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Network rail take on class 153s?


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Prob 'cos they're available and can go pretty much anywhere on route survey work.  We had 153.311 on 5Z01 Derby-Whitland today, seen at Ferryside.  No NR markings that I could see.

 

rev 153311 Ferryside 21Jul21 5Z01 Derby-Whitland.jpg

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You can't do with 153s things you could do with original DMUs as each cab has a control cubical behind each cab 

So won't be any inspection vehicles or route learners without major rebuilding 

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2 hours ago, Metr0Land said:

Prob 'cos they're available and can go pretty much anywhere on route survey work.  We had 153.311 on 5Z01 Derby-Whitland today, seen at Ferryside.  No NR markings that I could see.

 

rev 153311 Ferryside 21Jul21 5Z01 Derby-Whitland.jpg

 

The Network Rail branding is what appears as a black patch on the blue side in your pic.

 

153311 5Z01 Derby RTC to Whitland

 

East Midlands stuff is already fetching decent prices on ebay - expect a further  hike.....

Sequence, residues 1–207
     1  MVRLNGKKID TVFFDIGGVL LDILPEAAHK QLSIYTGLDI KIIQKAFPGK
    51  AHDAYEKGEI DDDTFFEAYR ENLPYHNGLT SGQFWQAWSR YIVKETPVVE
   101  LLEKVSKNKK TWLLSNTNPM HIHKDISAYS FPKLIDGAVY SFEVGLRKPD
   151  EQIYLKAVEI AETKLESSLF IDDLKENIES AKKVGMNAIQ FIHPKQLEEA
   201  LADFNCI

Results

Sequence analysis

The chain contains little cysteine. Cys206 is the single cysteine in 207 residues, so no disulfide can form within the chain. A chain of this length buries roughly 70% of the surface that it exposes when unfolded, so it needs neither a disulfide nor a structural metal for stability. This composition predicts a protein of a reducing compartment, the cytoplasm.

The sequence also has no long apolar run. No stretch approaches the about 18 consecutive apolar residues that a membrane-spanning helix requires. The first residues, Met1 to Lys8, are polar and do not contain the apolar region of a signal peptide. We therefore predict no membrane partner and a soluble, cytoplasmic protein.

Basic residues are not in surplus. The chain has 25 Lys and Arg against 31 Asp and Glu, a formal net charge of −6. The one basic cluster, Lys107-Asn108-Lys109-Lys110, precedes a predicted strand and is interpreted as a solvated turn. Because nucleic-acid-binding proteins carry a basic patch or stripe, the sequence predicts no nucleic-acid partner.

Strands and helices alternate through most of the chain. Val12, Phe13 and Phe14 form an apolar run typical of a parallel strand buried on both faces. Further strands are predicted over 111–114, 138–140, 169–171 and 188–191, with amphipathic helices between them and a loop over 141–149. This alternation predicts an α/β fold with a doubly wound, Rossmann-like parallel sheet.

Edited by newbryford
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2 hours ago, uax6 said:

I wonder if these are going to be the units that NR use to replace lengthmen?

 

Andy G

 

"Go anywhere" 950001 is apparently NRs most heavily used asset. The 153s will be a useful supplement.

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They are being trialled on video inspection, predominately through S&C. Currently the MPV used cannot cover what is required. With the current desire to move from physical inspection to train borne, these will prove very useful.  

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I would say that there are quite a few possibilities of ideas that Network Rail could potentially do with the 153s.

 

1 ) The units could be reformed back to 2 coaches as they were when built as class 155s

 

2 ) Some153s could be completely stripped of cab equipment and placed in between 2 with the smaller 2nd cabs removed as in idea #1 so there would be 2 coaches each with just 1 cab and the 3rd with no cabs although the engine could be retained or it could be removed and used as a spare engine in case of a failure, the testing equipment could be fitted throughout all 3 coaches similar to the coaches used in the loco hauled network rail train.